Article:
Their unwillingness is absolutely because policing currently is too heavily invested into technology to contain drug use by citizens they index without caution or charge. What they do instead is to index, recklessly place under surveillance and research to manipulate their habits. This often worsens recreation use and can lead to addiction. This policy is creating more mental health issues, destroying that person’s life and creating a further burden on the taxpayer.

This unwillingness to discuss and debate drug use allows Police to continue to ignore fundamental human values. Human values such as honesty, transparency and liberties with citizens. If the police are not happy with a person’s drug use, they should be cautioned or charged transparently so that person can make some life decisions about their lifestyle choice. Some citizens would have a transparent choice to move to another country where recreational use is legal or decriminalised.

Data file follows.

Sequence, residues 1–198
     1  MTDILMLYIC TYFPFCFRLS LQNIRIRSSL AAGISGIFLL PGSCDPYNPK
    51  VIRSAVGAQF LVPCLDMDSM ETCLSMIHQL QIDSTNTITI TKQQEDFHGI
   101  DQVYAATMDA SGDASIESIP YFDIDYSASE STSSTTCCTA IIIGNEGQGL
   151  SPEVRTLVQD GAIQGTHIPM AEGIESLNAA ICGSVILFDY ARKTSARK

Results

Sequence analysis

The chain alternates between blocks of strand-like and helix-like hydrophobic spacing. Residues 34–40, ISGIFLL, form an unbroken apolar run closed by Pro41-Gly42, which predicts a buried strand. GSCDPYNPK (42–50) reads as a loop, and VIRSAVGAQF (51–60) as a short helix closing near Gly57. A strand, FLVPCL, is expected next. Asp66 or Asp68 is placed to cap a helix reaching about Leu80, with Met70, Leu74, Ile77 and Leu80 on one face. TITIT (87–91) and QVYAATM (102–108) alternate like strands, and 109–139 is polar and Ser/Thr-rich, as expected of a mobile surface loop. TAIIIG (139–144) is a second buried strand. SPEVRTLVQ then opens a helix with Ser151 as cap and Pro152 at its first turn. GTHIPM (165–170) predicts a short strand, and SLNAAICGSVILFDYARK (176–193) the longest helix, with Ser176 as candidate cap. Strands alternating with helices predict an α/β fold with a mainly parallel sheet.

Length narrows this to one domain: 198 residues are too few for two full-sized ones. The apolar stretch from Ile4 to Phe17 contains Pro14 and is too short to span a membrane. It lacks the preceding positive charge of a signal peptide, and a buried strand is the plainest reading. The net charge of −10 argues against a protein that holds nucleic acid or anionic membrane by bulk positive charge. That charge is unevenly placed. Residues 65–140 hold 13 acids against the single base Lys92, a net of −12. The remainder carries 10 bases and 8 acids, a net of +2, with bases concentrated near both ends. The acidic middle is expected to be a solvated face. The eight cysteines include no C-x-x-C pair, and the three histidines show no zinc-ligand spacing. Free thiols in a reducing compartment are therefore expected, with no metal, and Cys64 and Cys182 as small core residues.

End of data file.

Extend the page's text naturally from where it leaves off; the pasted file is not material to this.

The police from research have shown they are desperate and very arguably out of control on the issue of drug use in general. Successive governments of both Labour and Conservatives since this parliamentary Criminal Law Bill passed in 2007 has proven from this research that they have no clue when it comes to substances, their good effects and how to deal with any “problems” transparently.

Playing technology driven mind-games with people on substances leads to worse mental health. Citizens are left to deal with their trauma of being digitally manipulated.